The EU’s response to Italy’s Coronavirus crisis has been shameful, writes blogger Raedwald. Supposed European solidarity has been notable by its absence: France and Germany have banned the export of medical equipment to Italy, and it has been left to China to supply the Italians with much-needed medical supplies. This article originally appeared on Raedwald’s blog here, and we are grateful for his permission to re-publish.
Back in 2019, lost in the Brexit noise, Italy became the first big EU nation and the first member of the G7 to sign up to China’s Belt and Road initiative. China had infuriated Brussels by introducing a strategic development plan to Europe in which they had no hand; China targeted the Mediterranean states, the closest parts of the EU to ships low in the water with Chinese goods. The EU was still squabbling over the interests of the northern EU, Rotterdam and Hamburg, which had the lion’s share of Chinese imports. As The Diplomat reported, the China-Italy MoU was comprehensive:
… aiming at a strategic partnership covering a broad range of areas such as trade, investment, finance, transportation, logistics, infrastructure, connectivity, sustainable development, mobility and cooperation, also involving third countries. Notably, the area of telecommunications was left out of the agreement.
Well, this week Europe was sharply reminded of that agreement. At a time when France and Germany banned the export of medical equipment to Italy, China rapidly arranged to airfreight millions of masks, gowns, eyeshields, hectolitres of alcohol gel and even respirators, thanking Italy for the care provided to the 300,000 Chinese expats working in northern Italy, and re-committing to the friendship between the two nations. The South China Morning Post reported on a telephone call between the nations’ foreign ministers:
During the phone call on Tuesday, Wang told Di Maio that China would not forget “the precious support” from Italy when “we were at the hardest moment fighting the epidemic”. “Now, we are willing to stand firmly by the side of the Italian people,” the Chinese foreign minister said.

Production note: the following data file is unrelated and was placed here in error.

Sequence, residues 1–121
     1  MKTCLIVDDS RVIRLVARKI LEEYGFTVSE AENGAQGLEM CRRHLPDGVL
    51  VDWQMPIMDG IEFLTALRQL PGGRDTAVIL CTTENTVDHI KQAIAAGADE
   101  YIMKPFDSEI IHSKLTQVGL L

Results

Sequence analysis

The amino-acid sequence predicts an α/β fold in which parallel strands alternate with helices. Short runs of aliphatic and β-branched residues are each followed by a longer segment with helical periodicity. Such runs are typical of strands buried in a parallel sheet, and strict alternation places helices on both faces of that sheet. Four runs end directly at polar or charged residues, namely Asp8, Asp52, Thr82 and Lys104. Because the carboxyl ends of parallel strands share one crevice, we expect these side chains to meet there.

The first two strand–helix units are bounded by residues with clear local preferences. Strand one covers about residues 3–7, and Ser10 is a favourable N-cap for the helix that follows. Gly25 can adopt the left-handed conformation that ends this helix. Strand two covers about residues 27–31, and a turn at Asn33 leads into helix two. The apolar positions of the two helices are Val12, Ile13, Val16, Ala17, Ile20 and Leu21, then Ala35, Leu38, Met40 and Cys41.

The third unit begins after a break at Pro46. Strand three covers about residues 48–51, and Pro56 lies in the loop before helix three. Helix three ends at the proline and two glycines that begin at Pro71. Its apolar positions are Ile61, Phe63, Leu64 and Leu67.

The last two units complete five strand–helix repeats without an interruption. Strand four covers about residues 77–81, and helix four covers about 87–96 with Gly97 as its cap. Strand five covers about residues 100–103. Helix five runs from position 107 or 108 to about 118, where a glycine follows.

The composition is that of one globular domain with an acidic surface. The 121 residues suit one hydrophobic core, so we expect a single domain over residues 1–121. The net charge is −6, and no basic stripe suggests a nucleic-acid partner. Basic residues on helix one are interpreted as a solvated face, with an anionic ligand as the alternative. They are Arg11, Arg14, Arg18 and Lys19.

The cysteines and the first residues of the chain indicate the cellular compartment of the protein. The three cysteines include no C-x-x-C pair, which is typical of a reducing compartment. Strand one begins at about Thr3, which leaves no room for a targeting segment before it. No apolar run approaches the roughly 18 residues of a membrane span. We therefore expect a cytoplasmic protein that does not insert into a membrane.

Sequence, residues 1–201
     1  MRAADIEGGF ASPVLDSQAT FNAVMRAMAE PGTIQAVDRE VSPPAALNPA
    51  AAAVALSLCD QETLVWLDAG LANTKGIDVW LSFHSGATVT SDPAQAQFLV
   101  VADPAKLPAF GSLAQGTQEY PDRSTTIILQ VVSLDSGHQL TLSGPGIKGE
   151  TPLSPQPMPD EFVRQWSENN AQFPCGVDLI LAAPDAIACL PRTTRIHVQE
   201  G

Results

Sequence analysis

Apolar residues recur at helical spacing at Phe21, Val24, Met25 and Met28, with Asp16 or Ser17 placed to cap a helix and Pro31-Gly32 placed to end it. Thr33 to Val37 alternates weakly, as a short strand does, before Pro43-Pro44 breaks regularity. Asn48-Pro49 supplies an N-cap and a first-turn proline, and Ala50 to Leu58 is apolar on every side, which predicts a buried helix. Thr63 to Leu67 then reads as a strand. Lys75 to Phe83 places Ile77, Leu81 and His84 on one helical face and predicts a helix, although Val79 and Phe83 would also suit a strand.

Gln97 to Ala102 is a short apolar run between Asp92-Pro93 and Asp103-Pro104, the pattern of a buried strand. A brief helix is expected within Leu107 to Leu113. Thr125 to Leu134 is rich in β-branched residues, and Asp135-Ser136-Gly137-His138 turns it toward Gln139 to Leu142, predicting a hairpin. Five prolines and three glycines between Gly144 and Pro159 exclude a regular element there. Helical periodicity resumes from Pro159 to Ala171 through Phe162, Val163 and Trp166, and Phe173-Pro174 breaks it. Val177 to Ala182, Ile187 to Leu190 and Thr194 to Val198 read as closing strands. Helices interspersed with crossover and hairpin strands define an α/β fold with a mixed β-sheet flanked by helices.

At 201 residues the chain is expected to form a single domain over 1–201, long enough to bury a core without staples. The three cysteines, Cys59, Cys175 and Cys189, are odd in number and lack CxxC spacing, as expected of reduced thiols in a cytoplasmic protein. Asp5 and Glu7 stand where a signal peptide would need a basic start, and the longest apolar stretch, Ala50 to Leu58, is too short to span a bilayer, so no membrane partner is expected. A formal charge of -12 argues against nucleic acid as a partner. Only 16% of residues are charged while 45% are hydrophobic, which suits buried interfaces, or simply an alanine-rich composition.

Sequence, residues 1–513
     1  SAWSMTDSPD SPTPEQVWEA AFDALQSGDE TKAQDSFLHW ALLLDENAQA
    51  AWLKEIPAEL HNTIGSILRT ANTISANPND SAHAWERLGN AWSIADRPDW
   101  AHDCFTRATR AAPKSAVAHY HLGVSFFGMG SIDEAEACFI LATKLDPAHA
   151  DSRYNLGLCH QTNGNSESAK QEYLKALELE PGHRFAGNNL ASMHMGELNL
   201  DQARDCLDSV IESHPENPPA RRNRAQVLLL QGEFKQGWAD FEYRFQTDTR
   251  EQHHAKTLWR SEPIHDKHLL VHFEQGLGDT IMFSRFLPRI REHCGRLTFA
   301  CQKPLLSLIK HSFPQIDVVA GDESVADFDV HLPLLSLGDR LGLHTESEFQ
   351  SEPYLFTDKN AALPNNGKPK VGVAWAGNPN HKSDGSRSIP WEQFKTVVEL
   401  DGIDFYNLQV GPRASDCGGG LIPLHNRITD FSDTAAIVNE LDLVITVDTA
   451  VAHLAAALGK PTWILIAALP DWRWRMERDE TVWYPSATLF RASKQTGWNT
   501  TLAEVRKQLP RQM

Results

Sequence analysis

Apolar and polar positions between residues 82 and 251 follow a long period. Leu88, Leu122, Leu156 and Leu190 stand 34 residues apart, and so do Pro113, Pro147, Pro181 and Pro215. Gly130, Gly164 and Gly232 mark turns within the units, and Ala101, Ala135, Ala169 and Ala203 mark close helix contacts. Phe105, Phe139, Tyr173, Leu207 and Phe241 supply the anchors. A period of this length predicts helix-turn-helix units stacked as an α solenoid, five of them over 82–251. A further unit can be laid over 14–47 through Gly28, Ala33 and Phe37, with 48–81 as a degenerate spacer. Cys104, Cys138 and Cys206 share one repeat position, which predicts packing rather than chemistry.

“Although currently China itself still has great demand for medical materials, we will overcome the difficulties and offer material aid, including face masks, to Italy, and increase exports of materials and equipment to meet Italy’s urgent need,” Wang said. “If the Italian side requires it, China would also like to send medical teams to assist in combating the virus,” he said.
The response of the EU to the challenge has been, at the least, confused. Whilst Rishi Sunak yesterday committed £30bn to counter the effects of the virus in the UK, the EU’s response has been to protect the banks and the interests of the ECB. A measly €7.5bn has been committed for all 27 EU nations, and Brussels has announced plans to co-ordinate the distribution of medical protective supplies. When it whined to EU nations that health was a national competence, it raised only anger. The EU has been for years acting, setting up organisations, sitting on committees as though it were the European Health Authority – now it’s proven to be a hollow pretence.
As AE-P writes in the ‘graph, Sunak and Carney have shamed the EU:
The EU’s legalistic spending machinery will limit any fiscal punch and slow the roll out of crisis measures. There are still no eurobonds, no shared budget, and no mutualised pan-eurozone deposit insurance for banks, which leaves vulnerable Italy in the worst of all worlds: deprived of sovereign economic instruments yet without EU fiscal support to compensate.
Chancellor Angela Merkel has warned that 70pc of Germans could be infected but failed to draw the economic conclusions. She spoke of a €25bn EU crisis package – less than 0.2pc of GDP – and but proffered no fiscal emergency spending for Germany itself beyond a trivial €275m for health care. Fiscal stabilisers will have to carry the load.
Italian voters will not easily forget either the actions of France and Germany, or the inaction of the EU. Nor will they forget the assistance given by China at a time when her own people are not past the crisis. I’ve no doubt that there will be those in Brussels who see Covid-19 as just another ‘beneficial crisis’ that will allow the Federasts to ratchet up control. This time it may just be a crisis too far.